Look, I get it. You want to build a personal brand on Linkedin that attracts and builds relationships with your audience. But if and when you decide to hire a ghostwriter, a part of me would be skeptical. Why? 

Many ghostwriters churn out commodity content that won’t boost your brand and may even damage it.

In other words, the content they create would probably resemble what all other experts in your industry are already producing. Before you know it, you will be lost in the sea of sameness. And trapped in the commodity content trap. 

Luckily, there are methods to determine whether a ghostwriter will produce generic commodity content or craft authentic material that truly captures your voice and brand.

In this piece, we’ll explore three warning signs that suggest a ghostwriter might not be the right fit for you. Let’s begin.

You should reject a ghostwriter if… 

  1. He wants to make you a typical ‘LinkedIn Thought Leader’

That’s right. We don’t need another LinkedIn thought leader who starts their writing with “In the ever-changing landscape of technology.” With bland, boring writing like this, you lose trust with the audience. They see through you. 

They know you are either scared to express your real thoughts or have hired someone lazy who uses ChatGPT as a content-producing engine.

Thought leaders like these get lost in the noise. Commodity content. 

We need you and your authentic voice

Your content needs personality. It should feel like it’s coming from a real person, not a robot. Let the content have a little bit of personality and a lot of humanity.

There are multiple avatars to choose from. Can you be funny? Sure.

Can you be super-serious? Sure.

Can you be somewhat inspirational? Why not?

Can you be sarcastic? Go for it!

But, please, I urge you to be human with your content and not Arnold Schwarzenegger from ‘The Terminator.’ 


Okay, let’s move to the second point. You should reject the ghostwriter if…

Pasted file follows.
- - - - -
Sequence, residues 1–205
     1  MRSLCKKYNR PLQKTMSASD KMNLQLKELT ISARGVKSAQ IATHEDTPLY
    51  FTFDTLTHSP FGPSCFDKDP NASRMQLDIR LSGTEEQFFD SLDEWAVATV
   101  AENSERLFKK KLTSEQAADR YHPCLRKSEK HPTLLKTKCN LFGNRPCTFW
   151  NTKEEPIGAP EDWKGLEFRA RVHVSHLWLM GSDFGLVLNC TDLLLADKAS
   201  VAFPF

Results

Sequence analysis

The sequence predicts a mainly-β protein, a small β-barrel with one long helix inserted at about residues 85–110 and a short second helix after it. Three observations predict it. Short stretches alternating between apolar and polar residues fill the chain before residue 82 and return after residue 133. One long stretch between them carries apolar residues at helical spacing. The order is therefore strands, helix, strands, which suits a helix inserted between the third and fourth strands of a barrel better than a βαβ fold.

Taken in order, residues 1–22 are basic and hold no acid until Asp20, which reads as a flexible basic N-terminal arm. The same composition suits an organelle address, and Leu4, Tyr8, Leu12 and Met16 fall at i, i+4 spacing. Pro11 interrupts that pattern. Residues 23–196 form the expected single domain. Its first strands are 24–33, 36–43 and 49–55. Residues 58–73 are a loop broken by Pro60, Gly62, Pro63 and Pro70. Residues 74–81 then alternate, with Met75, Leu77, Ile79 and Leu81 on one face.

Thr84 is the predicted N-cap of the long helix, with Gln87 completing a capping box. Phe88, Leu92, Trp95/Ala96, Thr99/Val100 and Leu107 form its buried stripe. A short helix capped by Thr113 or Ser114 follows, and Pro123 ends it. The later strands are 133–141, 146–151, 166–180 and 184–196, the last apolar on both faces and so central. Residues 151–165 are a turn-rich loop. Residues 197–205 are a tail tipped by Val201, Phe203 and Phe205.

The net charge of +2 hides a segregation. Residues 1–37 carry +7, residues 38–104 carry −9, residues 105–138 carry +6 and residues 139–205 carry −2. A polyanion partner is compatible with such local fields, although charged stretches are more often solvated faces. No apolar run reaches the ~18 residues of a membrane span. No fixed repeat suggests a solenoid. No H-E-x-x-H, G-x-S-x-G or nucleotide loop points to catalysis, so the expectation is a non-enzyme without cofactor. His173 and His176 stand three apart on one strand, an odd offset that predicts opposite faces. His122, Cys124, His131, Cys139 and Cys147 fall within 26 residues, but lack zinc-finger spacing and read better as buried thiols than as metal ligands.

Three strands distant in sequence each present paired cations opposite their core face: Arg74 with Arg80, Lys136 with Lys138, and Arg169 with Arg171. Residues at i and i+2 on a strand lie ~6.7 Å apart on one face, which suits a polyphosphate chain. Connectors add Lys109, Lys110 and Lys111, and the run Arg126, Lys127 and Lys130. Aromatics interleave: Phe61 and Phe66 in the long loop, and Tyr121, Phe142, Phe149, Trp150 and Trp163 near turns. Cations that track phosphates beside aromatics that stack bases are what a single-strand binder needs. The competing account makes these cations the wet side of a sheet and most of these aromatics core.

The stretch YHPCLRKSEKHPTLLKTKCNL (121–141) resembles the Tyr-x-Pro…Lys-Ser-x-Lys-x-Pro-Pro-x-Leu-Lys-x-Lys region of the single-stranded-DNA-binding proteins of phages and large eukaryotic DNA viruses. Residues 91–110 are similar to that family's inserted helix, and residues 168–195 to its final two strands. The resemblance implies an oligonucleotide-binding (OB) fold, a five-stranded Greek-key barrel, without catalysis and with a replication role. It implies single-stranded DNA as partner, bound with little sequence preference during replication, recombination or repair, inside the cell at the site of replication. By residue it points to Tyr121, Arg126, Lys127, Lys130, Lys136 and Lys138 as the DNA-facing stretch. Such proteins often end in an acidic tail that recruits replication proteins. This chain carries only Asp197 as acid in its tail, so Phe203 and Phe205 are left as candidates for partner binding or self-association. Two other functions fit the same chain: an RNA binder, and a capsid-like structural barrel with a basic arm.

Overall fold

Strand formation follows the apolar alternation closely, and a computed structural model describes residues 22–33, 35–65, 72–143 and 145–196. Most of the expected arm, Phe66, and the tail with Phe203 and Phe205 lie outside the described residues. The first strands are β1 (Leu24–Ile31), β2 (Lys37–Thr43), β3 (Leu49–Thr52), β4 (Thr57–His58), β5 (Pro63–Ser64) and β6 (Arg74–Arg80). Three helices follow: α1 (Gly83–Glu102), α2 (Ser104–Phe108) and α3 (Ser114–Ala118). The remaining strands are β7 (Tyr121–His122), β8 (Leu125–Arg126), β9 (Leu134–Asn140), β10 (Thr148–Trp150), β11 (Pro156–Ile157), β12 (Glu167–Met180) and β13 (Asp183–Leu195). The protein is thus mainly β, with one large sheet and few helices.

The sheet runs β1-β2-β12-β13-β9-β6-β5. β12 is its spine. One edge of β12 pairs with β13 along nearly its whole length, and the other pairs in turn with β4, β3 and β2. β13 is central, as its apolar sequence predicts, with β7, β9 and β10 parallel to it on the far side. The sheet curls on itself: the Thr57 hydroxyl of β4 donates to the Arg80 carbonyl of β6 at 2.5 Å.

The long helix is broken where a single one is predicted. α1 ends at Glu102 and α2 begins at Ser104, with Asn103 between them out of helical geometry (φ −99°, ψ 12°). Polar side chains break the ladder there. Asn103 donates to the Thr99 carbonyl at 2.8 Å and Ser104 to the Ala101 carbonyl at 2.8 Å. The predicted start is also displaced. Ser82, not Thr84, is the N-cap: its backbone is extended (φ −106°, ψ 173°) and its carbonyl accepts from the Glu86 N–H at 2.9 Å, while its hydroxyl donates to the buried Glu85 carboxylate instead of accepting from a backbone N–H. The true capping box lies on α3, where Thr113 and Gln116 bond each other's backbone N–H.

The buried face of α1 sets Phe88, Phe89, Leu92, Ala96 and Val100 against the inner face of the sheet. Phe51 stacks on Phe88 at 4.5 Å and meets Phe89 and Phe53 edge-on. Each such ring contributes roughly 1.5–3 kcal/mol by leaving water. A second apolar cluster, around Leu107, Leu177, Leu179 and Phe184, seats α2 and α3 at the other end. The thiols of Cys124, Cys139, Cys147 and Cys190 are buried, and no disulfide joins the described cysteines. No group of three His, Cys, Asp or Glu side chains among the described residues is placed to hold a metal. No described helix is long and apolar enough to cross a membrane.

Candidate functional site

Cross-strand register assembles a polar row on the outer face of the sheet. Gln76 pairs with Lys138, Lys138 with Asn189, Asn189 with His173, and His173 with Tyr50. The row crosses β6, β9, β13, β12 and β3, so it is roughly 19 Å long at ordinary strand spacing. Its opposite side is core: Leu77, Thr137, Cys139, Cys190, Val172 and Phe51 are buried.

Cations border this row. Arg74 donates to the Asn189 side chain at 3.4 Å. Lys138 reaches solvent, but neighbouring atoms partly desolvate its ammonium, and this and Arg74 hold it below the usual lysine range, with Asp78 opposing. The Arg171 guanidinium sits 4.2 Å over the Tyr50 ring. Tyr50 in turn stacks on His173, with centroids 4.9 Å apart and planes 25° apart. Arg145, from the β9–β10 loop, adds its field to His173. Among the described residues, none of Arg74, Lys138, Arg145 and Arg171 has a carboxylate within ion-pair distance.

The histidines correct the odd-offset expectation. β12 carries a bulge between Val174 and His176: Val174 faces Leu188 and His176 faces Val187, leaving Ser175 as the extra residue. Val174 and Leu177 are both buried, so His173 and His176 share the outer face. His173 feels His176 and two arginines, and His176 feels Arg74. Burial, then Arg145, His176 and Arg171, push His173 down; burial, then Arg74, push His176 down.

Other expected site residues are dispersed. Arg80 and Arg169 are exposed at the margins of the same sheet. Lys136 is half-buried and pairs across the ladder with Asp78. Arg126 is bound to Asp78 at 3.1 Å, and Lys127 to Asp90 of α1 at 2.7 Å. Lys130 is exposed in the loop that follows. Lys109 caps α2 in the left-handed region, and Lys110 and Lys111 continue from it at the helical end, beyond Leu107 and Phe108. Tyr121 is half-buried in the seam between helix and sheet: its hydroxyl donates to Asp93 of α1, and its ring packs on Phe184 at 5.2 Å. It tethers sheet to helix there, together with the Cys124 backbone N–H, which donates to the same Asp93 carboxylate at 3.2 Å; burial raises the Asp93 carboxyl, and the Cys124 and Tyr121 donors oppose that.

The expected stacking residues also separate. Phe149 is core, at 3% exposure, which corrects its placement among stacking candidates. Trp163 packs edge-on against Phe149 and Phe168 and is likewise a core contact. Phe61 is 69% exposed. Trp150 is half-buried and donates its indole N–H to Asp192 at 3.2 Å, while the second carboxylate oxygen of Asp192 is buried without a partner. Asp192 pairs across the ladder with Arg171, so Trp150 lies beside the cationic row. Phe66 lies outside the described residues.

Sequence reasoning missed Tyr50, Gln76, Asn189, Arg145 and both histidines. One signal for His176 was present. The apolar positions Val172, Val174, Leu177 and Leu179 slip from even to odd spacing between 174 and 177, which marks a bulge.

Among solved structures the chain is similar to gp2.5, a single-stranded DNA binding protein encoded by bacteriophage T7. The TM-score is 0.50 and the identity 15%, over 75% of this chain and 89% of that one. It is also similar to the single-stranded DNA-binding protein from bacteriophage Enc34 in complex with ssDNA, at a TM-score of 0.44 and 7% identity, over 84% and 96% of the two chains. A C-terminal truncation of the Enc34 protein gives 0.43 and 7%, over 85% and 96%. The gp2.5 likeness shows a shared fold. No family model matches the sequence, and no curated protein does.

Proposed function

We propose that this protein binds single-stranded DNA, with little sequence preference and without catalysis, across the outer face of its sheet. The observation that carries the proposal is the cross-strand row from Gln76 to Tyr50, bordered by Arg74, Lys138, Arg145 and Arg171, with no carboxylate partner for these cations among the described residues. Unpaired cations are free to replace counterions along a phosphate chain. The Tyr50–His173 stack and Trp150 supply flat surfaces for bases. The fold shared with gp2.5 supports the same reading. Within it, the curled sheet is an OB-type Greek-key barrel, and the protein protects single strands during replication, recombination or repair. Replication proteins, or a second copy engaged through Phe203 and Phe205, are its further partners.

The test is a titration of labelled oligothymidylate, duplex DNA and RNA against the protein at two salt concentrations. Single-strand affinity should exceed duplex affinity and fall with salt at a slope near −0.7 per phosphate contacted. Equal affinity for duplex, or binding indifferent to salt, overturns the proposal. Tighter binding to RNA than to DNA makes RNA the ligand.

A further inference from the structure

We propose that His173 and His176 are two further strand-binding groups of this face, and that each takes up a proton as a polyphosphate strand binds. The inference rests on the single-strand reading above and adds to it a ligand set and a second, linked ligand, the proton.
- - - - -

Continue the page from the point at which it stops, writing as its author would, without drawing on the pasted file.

1. They don’t understand your unique POV

Our unique point of view is fundamental to our brand and is perhaps our greatest asset that distinguishes us from the competition. 

What is a POV, you ask? 

A point of view is a unique lens through which you see your industry. It’s your unique take on the situation and how it could be better. Yes, the point of view is usually polarizing. Here’s an example – 

I am working with a client who is the CEO of a design company. He believes “The success of UX Design should be measured only with data.”

Now, many others might not agree with this POV. For them, design is more gut and intuition. And that’s really okay. They probably won’t work with his design agency anyway. 

This CEO should rather focus on creating content for the ‘believers’, than trying to win over others who don’t agree with his point of view. 

Read this article to learn more about having a unique point of view. You won’t regret it. 

Okay, let’s move to the last point. You should reject the ghostwriter if…


  1. They optimize your content for virality

Everybody wants attention to their content on LinkedIn. Most believe that without attention, without the likes and comments, the business would wither. 

Unfortunately, ‘Likes’ don’t get us revenue (shocker, I know).

Most ignore this fact and write LinkedIn posts optimized for reach and vitality rather than substance. Click-baity hooks are prioritized over authenticity. 

“99% of business owners make this mistake” is a popular hook.  

Ugh, just writing that sentence made me feel nauseous. 

LinkedIn content creators also like to keep their posts short and pithy and format them for readability. Their hope and dream is for the post to go viral, meet Kim Kardashian, and live happily ever after. One small problem, though…


You are not Buzzfeed

Or Justin Welsh. You sell a high-ticket product/ service. You do not need your post to go viral. What you need instead is deep trust with a specific audience. A post optimized for virality gets more likes but may not deeply resonate with your ICP. 

Depth, over width, baby.

The ghostwriter needs to dig deep and create nuanced content. He needs to do the hard work of creating something meaningful. It’s a myth that long-form content doesn’t do well on LinkedIn.

Here’s a valuable, nuanced LinkedIn post from Wes Kao – 

To summarise

When you hire a ghostwriter, there is a threat of falling into the ‘commodity trap’. Thankfully, there are signs that can show whether a ghostwriter will help you stand out with your authentic, true voice. 

The ghostwriter should:

  • Infuse personality in his writing
  • Ensure it presents a unique point of view
  • Avoid focusing solely on optimizing content for virality


Work with me:

If you want to work with me as a LinkedIn ghost-writer, write to me at pranav@pranavkale.com or pranavkale120@gmail.com